It's no big secret that female athletes don't get as much attention as male athletes.
Men's sports leagues are decades older than women's, so the women are playing catch-up in terms of gaining popularity — and respect.
Aside from creating a logic for lower pay for female athletes, this lower popularity means that newscasters are not used to speaking about women as athletes.
This is largely why, over the course of the Olympics, when female athletes are actually getting attention, we get to see so many fun displays of casual sexism. Although the women are champions and athletes in their own right, newscasters' implicit bias often gets in the way of, like, decency and respect.
Cyclist Laura Trott, 24, became Great Britain's first female athlete to win four Olympic gold medals this week, making her the most decorated British female athlete.
While at the Rio games, Trott is also supporting her boyfriend, fellow cyclist Jason Kenny, 28. They're super cute.
After Kenny won his sixth career gold medal on Wednesday, Trott was hugging him and crying in joy.
Chris Boardman, a former Olympic cyclist commentating for BBC, had a special take on this moment. He said,
She's doing all the emotion for him — he's looking at her wondering what's for tea!
Ah yes, women, so dramatic and emotional. Men, so cool and uncaring.
Often I think about how awful it must be to be a man brought up in the prison of masculinity where you must always remain stoic. How frustrating it must be that society tells you that you have to play it cool at all times, hold back your tears of sadness or elation, not outwardly display your feelings.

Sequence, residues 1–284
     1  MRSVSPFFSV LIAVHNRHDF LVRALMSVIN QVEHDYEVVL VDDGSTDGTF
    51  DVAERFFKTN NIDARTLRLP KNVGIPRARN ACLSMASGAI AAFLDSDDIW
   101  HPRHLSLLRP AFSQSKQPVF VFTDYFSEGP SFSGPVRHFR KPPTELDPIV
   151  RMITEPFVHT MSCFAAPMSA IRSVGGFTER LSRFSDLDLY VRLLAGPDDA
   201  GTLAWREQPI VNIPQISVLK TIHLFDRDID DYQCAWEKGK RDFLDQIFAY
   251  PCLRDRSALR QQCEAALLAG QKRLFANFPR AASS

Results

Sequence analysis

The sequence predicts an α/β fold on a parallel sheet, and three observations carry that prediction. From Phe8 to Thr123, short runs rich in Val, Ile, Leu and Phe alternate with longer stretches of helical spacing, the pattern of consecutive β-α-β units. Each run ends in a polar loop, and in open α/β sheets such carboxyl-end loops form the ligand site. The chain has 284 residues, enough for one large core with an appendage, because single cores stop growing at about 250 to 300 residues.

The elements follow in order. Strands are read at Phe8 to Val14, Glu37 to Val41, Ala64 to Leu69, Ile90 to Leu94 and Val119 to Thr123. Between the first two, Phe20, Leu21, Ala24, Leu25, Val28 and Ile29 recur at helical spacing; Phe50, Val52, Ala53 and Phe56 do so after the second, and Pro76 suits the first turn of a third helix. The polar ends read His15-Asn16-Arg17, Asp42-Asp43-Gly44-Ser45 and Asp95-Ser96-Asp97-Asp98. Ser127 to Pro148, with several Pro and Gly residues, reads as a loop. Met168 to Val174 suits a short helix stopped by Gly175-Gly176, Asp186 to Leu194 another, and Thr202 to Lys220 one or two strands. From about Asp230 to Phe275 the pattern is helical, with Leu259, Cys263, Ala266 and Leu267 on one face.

Because you know what's really awesome? Jumping up and down and screaming and crying when someone you love achieves something incredible.
Boardman tweeted in defense of himself:
That's the thing with implicit bias. The person who has it never actively thinks it's something to do with gender or race or sexuality or whatever else. It's just ingrained stereotyping a person subconsciously has that leads them to say something like women are emotional while men are coolly over it.
An easy way to avoid voicing implicit bias is by thinking before you open your mouth. Take a second and ask yourself why you think a certain thing about a person and what that thing would imply.
That second of thought could actually lead to all of us overdramatic feminists stopping whining about sexism.